Former international trade and industry minister Tan Sri Rafidah Aziz has called for a halt to divisive politics in the country.
The veteran politician, who was once one of the youngest senators to be sworn in, said the country has enough divisions.
“I say let’s not be divisive, even when politicking, where suddenly everyone is saying, you are a woman or a man (one group); Indian, Malay and Chinese (one group); Christian, Muslim, Buddhist and Hindu (one group). You know how it splits us?
“Now this has been split further to: you are old, you are young (dah split pula you old you young). Don’t we have enough divisiveness in this country?” Rafidah said when met by reporters after her session at the 2nd Malaysia Anti-Corruption Forum titled “Restoring Trust and Building a Culture of Integrity”.
Rafidah countered by asking why no one talks about themselves as Malaysians.
“Is nobody talking about ‘I am a Malaysian’? I always say I am a Malaysian of Malay heritage, that’s all.
“Now why don’t I say I am a Malay? Because a Malay has no country. Correct or not?
“A Malay in Singapore won’t say ‘I’m Malay’ but says I’m a Singaporean,” she said, before drawing similar parallels with Malays in Indonesia (Indonesian), Brunei (Bruneian) and Cambodia (Cambodian).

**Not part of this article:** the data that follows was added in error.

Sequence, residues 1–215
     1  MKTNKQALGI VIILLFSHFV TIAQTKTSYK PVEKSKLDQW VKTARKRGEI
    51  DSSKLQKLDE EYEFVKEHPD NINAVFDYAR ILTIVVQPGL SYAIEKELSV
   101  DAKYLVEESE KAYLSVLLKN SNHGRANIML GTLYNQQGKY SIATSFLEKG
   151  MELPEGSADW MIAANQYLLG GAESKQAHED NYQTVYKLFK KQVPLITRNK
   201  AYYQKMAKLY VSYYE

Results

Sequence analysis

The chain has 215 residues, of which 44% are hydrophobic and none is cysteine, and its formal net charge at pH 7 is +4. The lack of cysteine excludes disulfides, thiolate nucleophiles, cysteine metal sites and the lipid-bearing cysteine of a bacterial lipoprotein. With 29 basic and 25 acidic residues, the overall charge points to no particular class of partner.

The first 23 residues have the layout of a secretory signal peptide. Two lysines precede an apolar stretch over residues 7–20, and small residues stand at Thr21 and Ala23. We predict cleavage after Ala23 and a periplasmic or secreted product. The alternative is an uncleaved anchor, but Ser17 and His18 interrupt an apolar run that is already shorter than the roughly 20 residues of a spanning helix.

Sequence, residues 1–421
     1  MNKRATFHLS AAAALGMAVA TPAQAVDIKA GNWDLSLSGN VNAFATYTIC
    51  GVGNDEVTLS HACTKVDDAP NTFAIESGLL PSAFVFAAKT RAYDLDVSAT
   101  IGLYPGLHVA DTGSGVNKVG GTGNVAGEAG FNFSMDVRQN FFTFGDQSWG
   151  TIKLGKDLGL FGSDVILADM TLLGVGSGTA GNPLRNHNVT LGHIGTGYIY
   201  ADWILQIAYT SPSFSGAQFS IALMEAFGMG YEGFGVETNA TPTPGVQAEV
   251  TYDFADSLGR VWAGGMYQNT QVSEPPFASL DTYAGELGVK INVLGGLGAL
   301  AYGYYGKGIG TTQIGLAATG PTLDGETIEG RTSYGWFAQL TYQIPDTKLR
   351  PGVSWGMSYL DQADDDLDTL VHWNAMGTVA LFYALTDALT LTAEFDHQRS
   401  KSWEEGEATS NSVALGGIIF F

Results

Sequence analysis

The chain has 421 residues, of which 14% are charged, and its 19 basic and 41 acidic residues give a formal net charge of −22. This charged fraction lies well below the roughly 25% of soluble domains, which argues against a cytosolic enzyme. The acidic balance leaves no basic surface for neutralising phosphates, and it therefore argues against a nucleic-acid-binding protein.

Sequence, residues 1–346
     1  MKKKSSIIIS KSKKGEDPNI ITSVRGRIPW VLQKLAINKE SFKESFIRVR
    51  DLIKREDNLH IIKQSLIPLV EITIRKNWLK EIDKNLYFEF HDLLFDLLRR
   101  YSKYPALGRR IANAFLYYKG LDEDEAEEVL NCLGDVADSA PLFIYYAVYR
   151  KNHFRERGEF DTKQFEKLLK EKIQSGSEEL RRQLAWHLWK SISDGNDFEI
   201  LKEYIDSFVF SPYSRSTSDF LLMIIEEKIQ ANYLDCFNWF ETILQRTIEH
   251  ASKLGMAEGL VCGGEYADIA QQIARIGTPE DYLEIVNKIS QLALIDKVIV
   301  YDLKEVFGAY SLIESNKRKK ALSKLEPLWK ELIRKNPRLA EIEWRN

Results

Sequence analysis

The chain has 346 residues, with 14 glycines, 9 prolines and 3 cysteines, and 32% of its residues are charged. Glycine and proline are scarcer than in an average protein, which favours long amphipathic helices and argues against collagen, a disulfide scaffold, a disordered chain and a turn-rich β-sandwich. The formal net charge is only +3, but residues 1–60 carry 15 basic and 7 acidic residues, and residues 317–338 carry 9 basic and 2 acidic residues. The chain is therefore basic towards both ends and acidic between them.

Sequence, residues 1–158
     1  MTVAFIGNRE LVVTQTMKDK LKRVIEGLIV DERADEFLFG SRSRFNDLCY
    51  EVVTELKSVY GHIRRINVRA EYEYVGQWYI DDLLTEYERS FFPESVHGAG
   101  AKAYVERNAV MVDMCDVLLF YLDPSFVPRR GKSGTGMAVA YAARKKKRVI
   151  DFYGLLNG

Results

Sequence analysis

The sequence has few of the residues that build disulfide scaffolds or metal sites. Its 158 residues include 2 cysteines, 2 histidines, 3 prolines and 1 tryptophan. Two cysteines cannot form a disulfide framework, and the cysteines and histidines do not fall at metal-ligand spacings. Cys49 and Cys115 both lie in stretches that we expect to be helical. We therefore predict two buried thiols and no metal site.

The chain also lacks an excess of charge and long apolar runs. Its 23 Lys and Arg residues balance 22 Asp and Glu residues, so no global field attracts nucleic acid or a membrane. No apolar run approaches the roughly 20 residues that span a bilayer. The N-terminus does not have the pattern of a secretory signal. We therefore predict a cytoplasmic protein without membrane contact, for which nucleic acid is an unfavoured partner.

She added that it was Malaysians who had come up with this definition on their own, when essentially all Malaysians are the same.
“I always say, if you get a stomachache, you think it’s different from mine, ah? Or the Aedes mosquito, does it choose who to bite?
She also cited the Covid-19 virus, saying it does not choose who to infect.
Commenting further on Syed Saddiq’s new youth platform, Rafidah said Malaysians should not engage in any further divisiveness.
“To me, you shouldn’t start having more divisiveness, that’s all.
“Because these young people, they will grow old in no time. I started at 22. By 30, I was a senator already.
“I went through all that. I was learning from the old people, supreme council. Can you imagine they were all from my father’s batch, all the big names, and I was there, the youngest ever?
“No matter how long your degree is, ‘di sini’ (experience) is more important,” she said.